Business Briefs – April 7, 2016

Pay Taxes, Buy a Slurpee: IRS Now Accepts Taxes at 7-Eleven

PORTLAND, Ore. (AP) – The Internal Revenue Service announced this week that taxpayers who need to make a payment in cash can now do so at 7-Eleven convenience stores.

While it may seem unusual to pay your taxes where you might otherwise pick up refreshments, it caters to a large number of Americans who do not have a bank account or credit card. The Federal Deposit Insurance Corporation estimates one in 13 households in the United States does not have a bank account.

The IRS said payments would be accepted at more than 7,000 7-Eleven stores nationwide.

Venezuela Orders Long Weekends To Stave Off Power Crisis

CARCAS, Venezuela (AP) – Public employees in Venezuela will take long weekends under the government’s latest bid to ease a nationwide power crisis.

President Nicolas Maduro announced late Wednesday that he would sign a decree giving state workers Fridays off for 60 days — and he urged his compatriots to increase other efforts to save power.

Officials have been warning that the water level behind the nation’s largest dam, which supplies much of the energy in the country, has fallen to near its minimum operating level. If water levels fall too low, the government will have to shut down the dam entirely, crippling electricity supply.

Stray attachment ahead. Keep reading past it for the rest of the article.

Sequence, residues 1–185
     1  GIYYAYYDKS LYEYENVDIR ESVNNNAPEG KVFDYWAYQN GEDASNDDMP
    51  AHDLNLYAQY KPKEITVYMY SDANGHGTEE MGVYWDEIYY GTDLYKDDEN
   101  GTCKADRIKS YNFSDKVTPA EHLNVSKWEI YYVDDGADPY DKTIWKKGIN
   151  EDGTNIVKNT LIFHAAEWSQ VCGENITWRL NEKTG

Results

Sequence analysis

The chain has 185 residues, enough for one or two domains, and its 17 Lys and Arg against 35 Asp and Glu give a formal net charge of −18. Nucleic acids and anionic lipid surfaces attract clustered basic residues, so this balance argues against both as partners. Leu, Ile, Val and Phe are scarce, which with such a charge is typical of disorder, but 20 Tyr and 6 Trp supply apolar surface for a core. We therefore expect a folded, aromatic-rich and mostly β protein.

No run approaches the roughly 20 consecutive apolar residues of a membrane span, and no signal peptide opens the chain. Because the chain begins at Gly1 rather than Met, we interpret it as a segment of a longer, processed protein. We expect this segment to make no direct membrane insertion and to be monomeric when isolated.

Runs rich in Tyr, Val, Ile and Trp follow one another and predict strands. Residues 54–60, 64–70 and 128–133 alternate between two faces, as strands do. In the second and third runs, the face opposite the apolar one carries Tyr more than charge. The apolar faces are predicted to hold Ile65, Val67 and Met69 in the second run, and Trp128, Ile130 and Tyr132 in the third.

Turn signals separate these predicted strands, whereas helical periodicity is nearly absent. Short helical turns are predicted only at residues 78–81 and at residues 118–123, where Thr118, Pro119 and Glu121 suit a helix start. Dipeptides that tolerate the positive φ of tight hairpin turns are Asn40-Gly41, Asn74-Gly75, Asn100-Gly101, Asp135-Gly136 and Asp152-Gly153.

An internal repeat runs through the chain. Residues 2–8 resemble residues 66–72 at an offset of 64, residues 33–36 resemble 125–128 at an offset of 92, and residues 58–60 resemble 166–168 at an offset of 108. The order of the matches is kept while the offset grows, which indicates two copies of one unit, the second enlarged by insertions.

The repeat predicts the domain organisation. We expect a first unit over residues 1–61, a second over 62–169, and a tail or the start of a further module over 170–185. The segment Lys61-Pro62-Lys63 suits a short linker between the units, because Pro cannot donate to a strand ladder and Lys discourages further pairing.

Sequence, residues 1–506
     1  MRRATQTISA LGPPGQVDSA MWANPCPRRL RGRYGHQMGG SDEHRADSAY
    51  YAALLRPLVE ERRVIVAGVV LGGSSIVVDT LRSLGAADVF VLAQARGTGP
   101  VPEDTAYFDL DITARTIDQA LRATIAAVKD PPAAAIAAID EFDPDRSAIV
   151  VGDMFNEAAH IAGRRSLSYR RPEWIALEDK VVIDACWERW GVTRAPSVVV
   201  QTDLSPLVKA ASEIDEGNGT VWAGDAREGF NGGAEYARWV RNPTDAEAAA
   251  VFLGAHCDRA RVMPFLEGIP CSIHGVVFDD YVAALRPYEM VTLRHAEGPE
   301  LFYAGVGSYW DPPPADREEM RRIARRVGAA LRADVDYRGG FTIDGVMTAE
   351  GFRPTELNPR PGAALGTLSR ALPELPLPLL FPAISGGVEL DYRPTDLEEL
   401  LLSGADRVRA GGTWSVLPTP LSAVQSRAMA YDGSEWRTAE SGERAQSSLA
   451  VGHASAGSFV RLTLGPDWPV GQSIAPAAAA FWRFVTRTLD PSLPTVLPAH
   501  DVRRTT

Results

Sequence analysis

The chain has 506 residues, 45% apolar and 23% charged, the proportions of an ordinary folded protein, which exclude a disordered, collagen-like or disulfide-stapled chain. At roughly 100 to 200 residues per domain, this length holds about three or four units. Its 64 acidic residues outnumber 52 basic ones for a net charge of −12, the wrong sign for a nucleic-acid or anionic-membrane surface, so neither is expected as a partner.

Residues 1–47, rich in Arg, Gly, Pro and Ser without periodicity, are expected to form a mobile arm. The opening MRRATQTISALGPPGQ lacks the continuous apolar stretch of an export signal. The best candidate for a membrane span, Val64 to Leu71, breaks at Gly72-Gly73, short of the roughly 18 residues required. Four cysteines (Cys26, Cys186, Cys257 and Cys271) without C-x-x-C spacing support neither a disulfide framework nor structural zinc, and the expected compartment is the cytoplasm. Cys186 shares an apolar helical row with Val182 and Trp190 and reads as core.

Siesta Alert: Spanish Parties Pledge to End WWII Time Warp

MADRID (AP) – Spain’s celebrated siesta could be facing a modern makeover.

Job hours vary greatly, but many Spaniards start work at 10 a.m. and finish at 8 p.m. Acting Prime Minister Mariano Rajoy says if he manages to form another government in an upcoming election, he will push for a new work-life balance law that would ultimately change the workday and eliminate the celebrated midday nap.

The law would include a working day that ends at 6 p.m., thus scrapping the country’s lengthy lunch-hour breaks that some use to grab a siesta.

Pacific Sunwear Files For Chapter 11 Bankruptcy

NEW YORK (AP) – Pacific Sunwear, staggering after nine consecutive annual losses, has filed for Chapter 11 bankruptcy protection.

But the clothing chain hopes to continue to operate its nearly 600 stores under an agreement with the private equity firm Golden Gate Capital, a lender which plans to take it private after it restructures.